The first prominent nuclear whistleblower was Karen Silkwood, who worked as a chemical technician at a Kerr-McGee nuclear fuel plant. Silkwood became an activist in the Oil, Chemical and Atomic Workers International Union in order to protest health and safety issues. In 1974, she testified to the United States Atomic Energy Commission about her concerns. A few months later she died in a car crash under mysterious conditions on the way to a meeting with a New York Times reporter and a national union leader. The 1983 film Silkwood is an account of this story.

The “GE Three”

On 2 February 1976, Gregory C. Minor, Richard B. Hubbard, and Dale G. Bridenbaugh (known as the GE Three) “blew the whistle” on safety problems at nuclear power plants, and their action has been called “an exemplary instance of whistleblowing“.

The three engineers gained the attention of journalists and their disclosures about the threats of nuclear power had a significant impact. They timed their statements to coincide with their resignations from responsible positions in General Electric‘s nuclear energy division, and later established themselves as consultants on the nuclear power industry for state governments, federal agencies, and overseas governments. The consulting firm they formed, MHB Technical Associates, was technical advisor for the movie, “The China Syndrome.” The three engineers participated in Congressional hearings which their disclosures precipitated.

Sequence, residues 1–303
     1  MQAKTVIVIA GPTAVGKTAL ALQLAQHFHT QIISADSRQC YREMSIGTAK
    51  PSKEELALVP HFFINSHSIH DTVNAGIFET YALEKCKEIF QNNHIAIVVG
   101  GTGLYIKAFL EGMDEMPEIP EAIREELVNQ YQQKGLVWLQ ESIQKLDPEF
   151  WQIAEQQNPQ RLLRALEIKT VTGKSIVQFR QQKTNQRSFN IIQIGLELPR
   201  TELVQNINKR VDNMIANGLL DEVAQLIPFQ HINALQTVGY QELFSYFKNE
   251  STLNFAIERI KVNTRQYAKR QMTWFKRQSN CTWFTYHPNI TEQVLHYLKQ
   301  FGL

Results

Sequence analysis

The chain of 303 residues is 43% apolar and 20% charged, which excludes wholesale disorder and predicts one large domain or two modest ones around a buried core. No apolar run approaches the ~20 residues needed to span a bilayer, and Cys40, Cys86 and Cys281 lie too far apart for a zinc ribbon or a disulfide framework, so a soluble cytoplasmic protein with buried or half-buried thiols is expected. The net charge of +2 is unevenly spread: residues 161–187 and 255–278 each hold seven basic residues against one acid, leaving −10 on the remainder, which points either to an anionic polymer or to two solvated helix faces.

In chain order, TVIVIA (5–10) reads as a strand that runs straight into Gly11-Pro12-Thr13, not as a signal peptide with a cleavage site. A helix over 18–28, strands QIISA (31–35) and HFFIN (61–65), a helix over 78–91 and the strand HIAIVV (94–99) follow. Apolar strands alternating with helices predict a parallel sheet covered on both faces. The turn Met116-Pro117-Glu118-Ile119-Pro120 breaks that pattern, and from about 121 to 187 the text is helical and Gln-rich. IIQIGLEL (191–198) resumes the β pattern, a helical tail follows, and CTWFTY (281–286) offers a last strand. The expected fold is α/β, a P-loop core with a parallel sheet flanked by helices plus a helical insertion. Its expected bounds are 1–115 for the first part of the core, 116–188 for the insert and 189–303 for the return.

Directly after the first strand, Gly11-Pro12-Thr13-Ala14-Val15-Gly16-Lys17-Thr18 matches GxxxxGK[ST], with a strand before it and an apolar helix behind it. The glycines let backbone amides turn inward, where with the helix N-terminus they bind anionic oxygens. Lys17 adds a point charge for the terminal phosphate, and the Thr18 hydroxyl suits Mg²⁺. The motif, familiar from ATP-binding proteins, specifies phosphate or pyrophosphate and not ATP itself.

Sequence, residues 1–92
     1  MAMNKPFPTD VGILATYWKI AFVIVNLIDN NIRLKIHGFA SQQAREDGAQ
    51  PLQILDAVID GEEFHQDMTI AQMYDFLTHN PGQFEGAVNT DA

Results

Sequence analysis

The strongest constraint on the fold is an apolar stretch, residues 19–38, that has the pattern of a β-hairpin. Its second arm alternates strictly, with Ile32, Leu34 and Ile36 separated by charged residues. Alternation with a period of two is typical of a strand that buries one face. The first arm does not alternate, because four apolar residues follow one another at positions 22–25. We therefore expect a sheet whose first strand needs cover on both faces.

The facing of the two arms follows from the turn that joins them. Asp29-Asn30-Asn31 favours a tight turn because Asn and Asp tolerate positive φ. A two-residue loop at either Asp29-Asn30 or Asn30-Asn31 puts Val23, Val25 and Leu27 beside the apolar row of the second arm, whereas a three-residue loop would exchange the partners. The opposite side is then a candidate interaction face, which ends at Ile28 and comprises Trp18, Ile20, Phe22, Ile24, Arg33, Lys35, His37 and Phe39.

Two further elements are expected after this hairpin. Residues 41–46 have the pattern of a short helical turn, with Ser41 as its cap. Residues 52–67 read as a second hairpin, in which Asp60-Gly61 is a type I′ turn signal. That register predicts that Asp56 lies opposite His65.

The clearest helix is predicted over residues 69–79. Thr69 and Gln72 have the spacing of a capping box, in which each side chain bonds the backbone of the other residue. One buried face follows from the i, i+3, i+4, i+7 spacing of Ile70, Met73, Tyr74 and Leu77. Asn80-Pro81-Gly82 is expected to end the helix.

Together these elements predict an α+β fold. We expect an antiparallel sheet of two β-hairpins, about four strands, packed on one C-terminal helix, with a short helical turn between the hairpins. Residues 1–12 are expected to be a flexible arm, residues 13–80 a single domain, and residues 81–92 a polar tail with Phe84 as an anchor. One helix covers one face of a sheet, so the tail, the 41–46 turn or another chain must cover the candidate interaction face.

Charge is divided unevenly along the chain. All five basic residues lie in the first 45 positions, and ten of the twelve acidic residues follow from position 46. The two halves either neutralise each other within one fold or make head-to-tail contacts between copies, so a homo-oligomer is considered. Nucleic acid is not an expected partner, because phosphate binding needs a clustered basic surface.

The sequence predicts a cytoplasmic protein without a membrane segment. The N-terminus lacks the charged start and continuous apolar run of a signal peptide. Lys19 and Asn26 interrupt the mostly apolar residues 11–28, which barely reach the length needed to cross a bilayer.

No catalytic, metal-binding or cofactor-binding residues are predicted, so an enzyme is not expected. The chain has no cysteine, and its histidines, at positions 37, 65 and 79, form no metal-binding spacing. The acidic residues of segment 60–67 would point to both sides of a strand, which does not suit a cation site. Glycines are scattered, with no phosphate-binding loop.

Browns Ferry Unit 1 under construction

Browns Ferry nuclear power plant construction began in 1966. It was located in Alabama and in 1967 it earned a federal construction permit. The plant received new design standards which call for “physical separation of electrical cables.” There was an issue with the instructions on how to accomplish this so the AEC inspector F.U. Bower requested that the AEC elaborate; however, there was no response from the organization and installation went on. Still, no instructions were issued after five failed inspections in 1970. The lack of cable separation instructions led to the sacrifice of safety coolant systems in two of the units in order to improve one with severe safety violation. The ignorance of the AEC led to the fire that occurred on 22 March 1975, that almost led to a radiation leak. The substance separating the wires caught fire when tests to find air leaks with a candle ignited it thus resulting in damage to the control systems. With damage to the control systems, the cooling system that keeps the units from leaking radiation did not work properly. Somehow the situation was avoided and the units were put out of service. Throughout the occurrence of these events Bridenbaugh had been discussing his reservations on the safety at the plant in vain and in 1976 a year later Bridenbaugh, Hubbard and Minor resigned.